Gentle is the Key Word for Massage
There are two layers of skin; the dermis and the epidermis. Then there is another layer under these, called the subcutaneous layer. All these layers together are essentially the thickness of typing paper on the face. This subcutaneous layer also contains fat. Hence, it’s often called the subcutaneous layer of fat. If you pinch and roll this layer you can actually break it down, causing damage. You should not beat it up. Instead, you can gently work the face through massage and exercise, keeping in mind that “gentle” is the key word here and something miraculous happens. The CFF™ program offers a safe, effective facial massage.
The Following discussion is from a consultation with Dr. Richard H Tew, M.D., Harvard graduate, Family Practitioner, Integrated Medicine:
*The Structure of the Face Can be Addressed Through Exercise and Massage
The face has a unique facial structure compared to the rest of the body. My impressions about aging of the face have to do with some “weird properties” of facial tissues: the skin itself and cartilage. As I understand it, both these tissues continue to grow as we age. This is a very slow process, but it results in subtle changes in facial geometry and in the ears and nose most noticeably. The nose and ear cartilage both grow and further the facial skin grows, as well. How much of what the face shows as it ages comes from this process? It likely contributes to facial sagging.
On top of this, the face retains the person’s life. This is a sort of “body memory”. We know this when a person manifests an expression that is not congruent with the present moment. We might say: “Something is on his/her mind.” But actually it’s in her body, her face and in her (facial) posture!
Both euphoria and depression can be seen in people’s faces. Constant worry is another common expression. And since our face is what others look at and react to, our facial “posture” evokes reactions from others and we not infrequently learn about ourselves from those reactions. To the extent a facial posture is fixed – and it can fairly be described this way in many people – the musculature of the face loses tone, except for those muscles held in constant contraction.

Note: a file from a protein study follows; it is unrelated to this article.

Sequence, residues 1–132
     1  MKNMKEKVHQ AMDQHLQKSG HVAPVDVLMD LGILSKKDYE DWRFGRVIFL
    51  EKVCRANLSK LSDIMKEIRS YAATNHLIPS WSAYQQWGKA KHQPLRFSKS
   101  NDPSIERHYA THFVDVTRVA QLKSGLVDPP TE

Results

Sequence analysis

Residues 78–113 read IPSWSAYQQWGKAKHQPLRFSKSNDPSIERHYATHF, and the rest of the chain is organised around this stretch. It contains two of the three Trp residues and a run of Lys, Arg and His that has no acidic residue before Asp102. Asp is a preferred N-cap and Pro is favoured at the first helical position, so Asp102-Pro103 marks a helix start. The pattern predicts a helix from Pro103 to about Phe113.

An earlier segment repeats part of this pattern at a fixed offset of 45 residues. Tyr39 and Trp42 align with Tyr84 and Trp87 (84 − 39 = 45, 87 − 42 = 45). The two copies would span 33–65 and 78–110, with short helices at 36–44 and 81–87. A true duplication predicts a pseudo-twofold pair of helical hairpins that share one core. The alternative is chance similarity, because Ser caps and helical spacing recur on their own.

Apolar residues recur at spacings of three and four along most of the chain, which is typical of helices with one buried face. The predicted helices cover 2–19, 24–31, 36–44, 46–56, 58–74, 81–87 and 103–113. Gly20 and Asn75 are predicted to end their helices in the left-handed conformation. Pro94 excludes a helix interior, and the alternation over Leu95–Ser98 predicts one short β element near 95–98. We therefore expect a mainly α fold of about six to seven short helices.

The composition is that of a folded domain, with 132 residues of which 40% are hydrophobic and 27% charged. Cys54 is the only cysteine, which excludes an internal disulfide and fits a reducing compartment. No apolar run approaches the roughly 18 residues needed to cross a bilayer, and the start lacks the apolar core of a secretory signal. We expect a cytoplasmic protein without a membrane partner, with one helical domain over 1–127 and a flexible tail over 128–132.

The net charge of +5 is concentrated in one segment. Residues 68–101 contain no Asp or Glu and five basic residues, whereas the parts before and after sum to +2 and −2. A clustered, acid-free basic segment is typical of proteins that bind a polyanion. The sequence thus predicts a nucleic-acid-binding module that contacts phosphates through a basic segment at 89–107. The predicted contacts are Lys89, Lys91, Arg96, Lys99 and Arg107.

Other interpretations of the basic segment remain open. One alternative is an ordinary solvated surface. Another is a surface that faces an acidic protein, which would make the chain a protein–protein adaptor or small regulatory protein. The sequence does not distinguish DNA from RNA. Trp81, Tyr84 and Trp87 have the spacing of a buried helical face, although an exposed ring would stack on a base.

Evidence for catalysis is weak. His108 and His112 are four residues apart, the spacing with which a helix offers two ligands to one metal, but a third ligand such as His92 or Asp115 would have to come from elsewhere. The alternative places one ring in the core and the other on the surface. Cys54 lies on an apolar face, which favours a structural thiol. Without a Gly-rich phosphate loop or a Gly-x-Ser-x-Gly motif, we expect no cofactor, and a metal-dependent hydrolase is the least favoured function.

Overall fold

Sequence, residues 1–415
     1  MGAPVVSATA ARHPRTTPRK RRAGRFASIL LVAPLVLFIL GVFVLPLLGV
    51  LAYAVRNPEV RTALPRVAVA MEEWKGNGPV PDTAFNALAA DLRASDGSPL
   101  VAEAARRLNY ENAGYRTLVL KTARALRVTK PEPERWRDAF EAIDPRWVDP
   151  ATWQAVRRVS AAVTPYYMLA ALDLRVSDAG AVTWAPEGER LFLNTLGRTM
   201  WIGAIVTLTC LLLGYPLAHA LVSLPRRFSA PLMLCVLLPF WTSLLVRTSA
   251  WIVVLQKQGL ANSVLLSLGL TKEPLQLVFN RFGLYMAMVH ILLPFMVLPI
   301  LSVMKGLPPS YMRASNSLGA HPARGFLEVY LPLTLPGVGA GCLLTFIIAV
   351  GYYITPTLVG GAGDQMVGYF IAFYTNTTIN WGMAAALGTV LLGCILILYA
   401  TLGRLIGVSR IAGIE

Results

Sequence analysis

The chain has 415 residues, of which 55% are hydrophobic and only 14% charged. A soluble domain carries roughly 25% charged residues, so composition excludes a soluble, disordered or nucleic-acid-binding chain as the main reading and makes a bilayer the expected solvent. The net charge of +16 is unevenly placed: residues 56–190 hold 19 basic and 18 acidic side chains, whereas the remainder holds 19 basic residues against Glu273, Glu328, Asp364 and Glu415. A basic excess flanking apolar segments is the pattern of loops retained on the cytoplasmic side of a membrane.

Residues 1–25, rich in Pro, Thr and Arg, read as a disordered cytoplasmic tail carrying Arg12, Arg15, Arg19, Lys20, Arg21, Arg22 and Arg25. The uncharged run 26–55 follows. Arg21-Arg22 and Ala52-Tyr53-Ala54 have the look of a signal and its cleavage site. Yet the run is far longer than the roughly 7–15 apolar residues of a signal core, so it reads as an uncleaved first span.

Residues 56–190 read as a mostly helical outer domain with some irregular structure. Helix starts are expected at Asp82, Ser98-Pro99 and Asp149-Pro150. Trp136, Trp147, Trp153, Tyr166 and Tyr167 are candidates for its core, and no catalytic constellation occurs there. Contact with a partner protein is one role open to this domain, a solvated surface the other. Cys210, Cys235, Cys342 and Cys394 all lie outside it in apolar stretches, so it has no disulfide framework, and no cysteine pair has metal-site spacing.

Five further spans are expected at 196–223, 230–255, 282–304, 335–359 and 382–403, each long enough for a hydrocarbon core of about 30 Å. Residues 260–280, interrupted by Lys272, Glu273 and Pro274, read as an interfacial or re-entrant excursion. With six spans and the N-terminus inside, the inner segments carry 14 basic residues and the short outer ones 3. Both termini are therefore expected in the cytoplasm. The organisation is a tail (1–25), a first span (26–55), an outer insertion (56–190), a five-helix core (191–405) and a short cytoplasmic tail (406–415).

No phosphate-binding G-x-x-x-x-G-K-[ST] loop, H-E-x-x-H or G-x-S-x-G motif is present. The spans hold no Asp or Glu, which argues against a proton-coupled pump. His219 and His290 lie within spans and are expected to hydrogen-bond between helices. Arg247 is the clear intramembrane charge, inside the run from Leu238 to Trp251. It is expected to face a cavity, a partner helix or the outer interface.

The CFF™ System Returns to the Practitioner a Full Range of Facial Expression
This cannot be accomplished from any passive (ie, electrical or drug) scheme of facial restoration because the person’s intention is part of the restoration process. Furthermore, you not only exercise particular groups of muscles, you also massage these muscles to help restore the full range of motion lost through atrophy and “fixed” expressions. The technique of tightening the muscles before sliding across the skin exerts an extra stretch on the fascia, connecting the underlying muscles and the skin as well as exerting more direct forces on the skin itself (with likely activates the skin to become more active metabolically). This is precisely what happens to bone; forces on the bone determine where the bone grows and those forces also determine the orientation of the bone tissue. It seems likely this sort of physiology also occurs to a degree in non-ossious facial tissue. Keeping the muscles tight when sliding limits the forces placed on the skin to a very local area. This prevents lateral (non-physiologic) stretching of facial areas remote to the area being worked upon. *
Properly Massaging the Face Gives You the Look You want
Consequently, the massage techniques that the CFF™ system employs not only helps to restore facial expressions to their most natural response, but it helps to restore the integrity of the complicated facial structure so that it is more elastic, firmer, smoother and more vital looking in the face of the one using the massage techniques.
*Consultation with Dr. Richard H Tew, M.D., Harvard graduate, Family Practitioner, Integrated Medicine